Berlin, 21 June 2023 – In the lead-up to the summit for a “New Global Financing Pact” on 22 and 23 June in Paris, the German Council for Sustainable Development (RNE) is recommending that the federal government should advocate for a reform of the World Bank and the other international development banks into transformation banks, with more capital than before being funnelled towards climate action and sustainability. The banks’ reformed business models would lead to investments that ultimately benefit global public goods and the world’s population. Plus, countries in the Global South should be given an active role in the decision-making processes moving forward.
In its latest statement, “Financing the Transition and Sustainable Development”, the RNE recommends that the German government be seen to argue for reforming the international financial architecture at the forthcoming Paris summit, but also at the UN General Assembly in September 2023 and at the reform talks of the World Bank. Essentially, Germany should lead the way at this year’s SDG Summit in the autumn by announcing ambitious measures for actioning the SDGs.
“The financing gap for sustainable development is widening across the globe, while the multiple crises from climate change to the Covid-19 pandemic to the Russian war of aggression on Ukraine are only causing poorer nations in particular to fall further into debt. According to the latest calculations, some one trillion US dollars a year are needed to implement the Paris Agreement and the 2030 Agenda for Sustainable Development in the developing and emerging economies. Debt relief, in our view, is essential to ensure that heavily indebted countries, too, can get in the right lane towards sustainability and climate action”, says Reiner Hoffmann, Chair of the RNE.
RNE member Heidemarie Wieczorek-Zeul adds: “Given the drastic debt situation of countries in the Global South, it is imperative that we set up debt relief, something China must commit to as well. Besides that, we need a comprehensive reform of the special drawing rights (SDRs) of the International Monetary Fund (IMF) in order to provide liquidity where it is most needed.” The allocation of SDRs is a system of reserve holdings introduced by the IMF in 1969. It offers countries in crisis situations the opportunity to receive reserve currency, but so far has been based on the share of IMF quotas each country holds – which effectively means the poorer countries get little benefit. As such, the richer nations should redesignate these funds in support of the developing countries.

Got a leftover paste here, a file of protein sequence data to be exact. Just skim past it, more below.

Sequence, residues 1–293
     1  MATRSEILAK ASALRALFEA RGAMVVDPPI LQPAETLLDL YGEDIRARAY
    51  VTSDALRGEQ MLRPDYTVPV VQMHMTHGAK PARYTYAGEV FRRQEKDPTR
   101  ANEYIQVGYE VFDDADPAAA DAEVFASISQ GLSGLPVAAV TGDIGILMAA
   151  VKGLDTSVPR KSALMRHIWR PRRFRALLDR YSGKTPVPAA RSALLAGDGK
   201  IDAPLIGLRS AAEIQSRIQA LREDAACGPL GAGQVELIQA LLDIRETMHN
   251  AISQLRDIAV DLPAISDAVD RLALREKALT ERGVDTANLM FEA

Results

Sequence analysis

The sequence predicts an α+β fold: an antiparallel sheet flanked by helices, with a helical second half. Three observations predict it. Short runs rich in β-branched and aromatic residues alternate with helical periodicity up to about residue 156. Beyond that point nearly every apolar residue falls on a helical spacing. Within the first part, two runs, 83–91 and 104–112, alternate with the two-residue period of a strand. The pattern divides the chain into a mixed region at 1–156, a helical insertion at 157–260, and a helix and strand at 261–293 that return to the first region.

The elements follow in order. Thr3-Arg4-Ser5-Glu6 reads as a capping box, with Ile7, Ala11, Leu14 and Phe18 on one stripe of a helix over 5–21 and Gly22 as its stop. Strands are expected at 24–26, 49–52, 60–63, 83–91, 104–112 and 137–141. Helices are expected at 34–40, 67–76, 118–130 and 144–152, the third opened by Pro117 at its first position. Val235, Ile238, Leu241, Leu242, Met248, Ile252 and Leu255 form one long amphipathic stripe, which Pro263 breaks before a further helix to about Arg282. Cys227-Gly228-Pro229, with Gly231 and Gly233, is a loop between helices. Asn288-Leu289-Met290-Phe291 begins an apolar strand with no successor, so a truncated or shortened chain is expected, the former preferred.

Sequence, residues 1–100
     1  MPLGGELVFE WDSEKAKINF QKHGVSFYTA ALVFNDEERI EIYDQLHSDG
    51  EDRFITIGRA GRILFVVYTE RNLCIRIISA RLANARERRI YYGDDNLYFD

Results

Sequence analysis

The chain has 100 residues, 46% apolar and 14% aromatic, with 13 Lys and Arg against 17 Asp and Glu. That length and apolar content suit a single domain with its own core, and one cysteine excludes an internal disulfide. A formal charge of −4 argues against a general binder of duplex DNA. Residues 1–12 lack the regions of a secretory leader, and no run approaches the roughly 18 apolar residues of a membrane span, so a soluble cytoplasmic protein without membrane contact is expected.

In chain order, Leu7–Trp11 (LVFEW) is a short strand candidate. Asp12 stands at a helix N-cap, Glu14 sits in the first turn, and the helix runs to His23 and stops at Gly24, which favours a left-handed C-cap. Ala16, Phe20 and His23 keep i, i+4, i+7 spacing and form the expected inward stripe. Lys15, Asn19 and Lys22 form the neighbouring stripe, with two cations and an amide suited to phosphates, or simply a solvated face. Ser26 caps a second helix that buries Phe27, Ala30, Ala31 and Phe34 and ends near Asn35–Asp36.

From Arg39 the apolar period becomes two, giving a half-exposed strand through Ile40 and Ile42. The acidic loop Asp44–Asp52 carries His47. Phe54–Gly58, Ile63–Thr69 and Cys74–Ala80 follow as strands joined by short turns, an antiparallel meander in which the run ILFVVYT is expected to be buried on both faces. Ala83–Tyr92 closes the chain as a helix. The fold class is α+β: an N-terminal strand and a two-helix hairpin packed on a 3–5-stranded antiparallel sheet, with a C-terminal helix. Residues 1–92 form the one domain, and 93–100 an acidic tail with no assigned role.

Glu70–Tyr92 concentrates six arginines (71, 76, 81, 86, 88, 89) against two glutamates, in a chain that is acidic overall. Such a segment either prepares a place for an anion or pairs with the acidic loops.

Moreover, the instrument of debt swaps should be expanded. This enables indebted nations to invest repayment sums falling due in agreed projects, for instance for climate change mitigation and healthcare, instead of paying the amount back to the creditors. The RNE also supports the idea of a trust fund for the multilateral development banks as an efficient and targeted means to open up the prospect of sustainable development in heavily indebted countries in times of multiple crises.
Among other suggestions, the RNE paper supports the proposals of the Bridgetown Initiative, launched by the Prime Minister of Barbados, Mia Mottley, in mid-2022. The plan calls for reform of the World Bank and the IMF, with more capital than before going towards climate action and sustainability. In parallel, Germany too has drawn up proposals with the likes of the USA aimed at boosting the mobilisation of funds for climate protection and sustainability endeavours. These proposals should form part of a comprehensive reform agenda for the international financial institutions by autumn 2023.
In the meantime, French President Emmanuel Macron along with Indian Prime Minister and current G20 president Narendra Modi has invited numerous heads of state to a summit on the “New Global Financing Pact” in Paris on 22 and 23 June 2023. The goal is to agree the cornerstones for a reform of the international financial system to support a just social and ecological transition.
Financing the Transformation and Sustainable Development
Reform of the international financial architecture - Statement by the German Council for Sustainable Development; Berlin, 21.06.2023